Functional Connectivity in ASD with Pharmacological Modulation of the Beta-Adrenergic System

Thursday, May 17, 2012
Sheraton Hall (Sheraton Centre Toronto)
10:00 AM
J. P. Hegarty1, A. Narayanan1,2, C. White2, A. Abduljalil2, P. Schmalbrock2, B. Ferguson1, C. R. McKinley1 and D. Q. Beversdorf3, (1)University of Missouri, Columbia, Columbia, MO, (2)The Ohio State University, Columbus, OH, (3)Radiology, Neurology, Psychology, and Thompson Center for Autism and Neurodevelopmental Disorders, University of Missouri, Columbia, MO
Background: Current behavioral interventions for autism focus on increasing quality of life and language development whereas pharmacological interventions are directed at managing the secondary manifestations such as anxiety and repetitive and obsessive behaviors. Pharmacological research directed at the core features of autism is limited. We have previously shown that propranolol, a beta-adrenergic antagonist, improved verbal problem solving in typically developing controls as well as people with autism. Current theories suggest that autism may be due to decreased network flexibility within cortical regions important for information processing, and we believe the previously noted propranolol effects may be due to increased flexibility within language networks. Functional magnetic resonance imaging, fMRI, allows for the measurement of a potential correlate of network flexibility, functional connectivity. We therefore wish to determine fcMRI alterations during language-based tasks when propranolol is administered. 

Objectives: Our objective was to examine the potential mechanism of the beneficial effects of a currently available pharmacotherapeutic agent, propranolol, on the core features of autism by assessing functional connectivity using fMRI. 

Methods: We examined a pilot sample of individuals with autism during administration of propranolol, nadolol, and placebo. Nadolol provides a control for general vascular effects on BOLD fcMRI since nadolol is a beta-adrenergic antagonist but does not cross the blood brain barrier. After drug administration, subjects were placed in a 3T magnetic resonance scanner at Ohio State University and asked to complete a cognitive flexibility task, the compound remote associates (CRA), and two verbal fluency tasks, one based on letters and the other based on categories. Structural T1-weighted images were acquired using a T1 weighted 3D FFE pulse sequence (TR=25 ms; TE=3.6 ms; 64 axial slices; 2.2 mm thick). BOLD contrast functional scans were acquired using a gradient echo EPI sequence (TR=3 s; TE=35 ms; 35 axial slices, 4mm thick; α = 90°). A priori regions of interest, ROIs, were used to extract region-specific activation in the inferior frontal cortex, fusiform gyrus, middle temporal gyrus, and posterior parietal cortex. Correlations between pairs of ROIs were computed by calculating the correlation coefficient between the time series for each ROI pair and then standardized using Fischer’s Z-transformation.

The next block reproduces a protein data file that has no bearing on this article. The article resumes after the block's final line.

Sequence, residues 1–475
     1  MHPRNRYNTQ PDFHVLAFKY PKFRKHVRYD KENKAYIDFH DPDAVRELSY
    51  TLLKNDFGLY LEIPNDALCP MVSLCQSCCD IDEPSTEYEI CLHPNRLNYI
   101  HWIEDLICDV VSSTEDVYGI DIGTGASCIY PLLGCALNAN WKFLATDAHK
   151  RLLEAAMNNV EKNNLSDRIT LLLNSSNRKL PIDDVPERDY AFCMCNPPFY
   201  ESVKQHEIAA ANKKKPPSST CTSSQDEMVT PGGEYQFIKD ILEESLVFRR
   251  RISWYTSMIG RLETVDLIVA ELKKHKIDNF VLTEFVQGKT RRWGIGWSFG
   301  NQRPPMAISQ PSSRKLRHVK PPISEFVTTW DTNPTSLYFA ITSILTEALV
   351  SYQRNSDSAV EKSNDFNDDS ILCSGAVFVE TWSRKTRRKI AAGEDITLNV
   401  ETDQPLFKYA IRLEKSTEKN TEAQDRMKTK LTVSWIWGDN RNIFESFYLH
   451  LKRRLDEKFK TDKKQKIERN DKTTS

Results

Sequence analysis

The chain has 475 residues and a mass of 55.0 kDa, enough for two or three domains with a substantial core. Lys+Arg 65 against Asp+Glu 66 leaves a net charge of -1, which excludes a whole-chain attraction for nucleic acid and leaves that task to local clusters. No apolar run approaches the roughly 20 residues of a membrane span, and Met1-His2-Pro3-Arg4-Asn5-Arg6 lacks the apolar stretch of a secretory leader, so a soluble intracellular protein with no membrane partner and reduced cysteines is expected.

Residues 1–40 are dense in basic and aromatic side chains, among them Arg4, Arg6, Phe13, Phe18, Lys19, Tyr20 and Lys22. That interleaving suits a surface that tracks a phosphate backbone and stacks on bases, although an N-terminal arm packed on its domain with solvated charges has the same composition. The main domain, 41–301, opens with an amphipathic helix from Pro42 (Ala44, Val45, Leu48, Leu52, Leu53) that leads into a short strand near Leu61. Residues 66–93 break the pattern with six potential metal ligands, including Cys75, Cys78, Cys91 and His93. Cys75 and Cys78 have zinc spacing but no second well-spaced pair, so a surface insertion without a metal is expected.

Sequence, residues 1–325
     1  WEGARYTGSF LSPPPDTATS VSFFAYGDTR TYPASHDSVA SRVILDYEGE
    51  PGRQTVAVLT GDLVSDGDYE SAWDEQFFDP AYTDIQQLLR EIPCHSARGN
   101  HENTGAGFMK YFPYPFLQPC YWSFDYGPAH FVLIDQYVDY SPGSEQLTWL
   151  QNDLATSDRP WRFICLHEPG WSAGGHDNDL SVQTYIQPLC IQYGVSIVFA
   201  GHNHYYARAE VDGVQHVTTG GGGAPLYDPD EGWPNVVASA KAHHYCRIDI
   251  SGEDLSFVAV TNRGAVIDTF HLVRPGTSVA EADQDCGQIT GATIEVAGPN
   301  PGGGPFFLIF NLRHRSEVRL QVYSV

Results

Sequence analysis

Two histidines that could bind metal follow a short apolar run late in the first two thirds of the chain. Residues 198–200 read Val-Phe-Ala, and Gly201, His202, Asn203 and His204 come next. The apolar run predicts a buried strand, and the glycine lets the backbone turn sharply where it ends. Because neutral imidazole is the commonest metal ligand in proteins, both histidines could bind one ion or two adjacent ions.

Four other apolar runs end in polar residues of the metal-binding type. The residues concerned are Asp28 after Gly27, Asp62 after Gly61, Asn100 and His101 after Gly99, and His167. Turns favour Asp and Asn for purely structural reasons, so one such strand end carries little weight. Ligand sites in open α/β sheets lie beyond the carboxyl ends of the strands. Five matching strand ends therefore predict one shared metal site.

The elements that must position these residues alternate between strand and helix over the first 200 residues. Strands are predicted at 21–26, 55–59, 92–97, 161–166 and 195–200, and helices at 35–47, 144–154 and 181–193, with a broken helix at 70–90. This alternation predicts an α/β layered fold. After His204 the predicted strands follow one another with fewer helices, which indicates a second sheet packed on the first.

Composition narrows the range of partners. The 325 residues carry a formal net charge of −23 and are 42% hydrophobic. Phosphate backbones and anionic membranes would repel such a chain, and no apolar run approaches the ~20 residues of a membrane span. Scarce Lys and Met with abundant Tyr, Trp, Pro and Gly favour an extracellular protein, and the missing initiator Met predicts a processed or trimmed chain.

Results: There was a significant effect of drug such that functional connectivity was significantly higher for propranolol trials compared to nadolol and placebo, which did not appear to significantly differ from each other. These results were most robust for the CRA task.

Conclusions: Although this is preliminary data, we begin to show the cognitive benefits of propranolol in autism may be due to increased network flexibility due to alterations of beta-adrenergic mechanisms. Theses alterations seem to be most beneficial for more difficult compared to easier tasks. Better understanding of the effects of the beta-adrenergic system on language processing, especially in the autism population, and modulation of the beta-adrenergic system pharamacologically could lead to development of additional treatments for the core features of autism. Additional research is required to fully understand these alterations and determine possible biomarkers, such as genetic status, of who may benefit most from beta-adrenergic intervention.

| More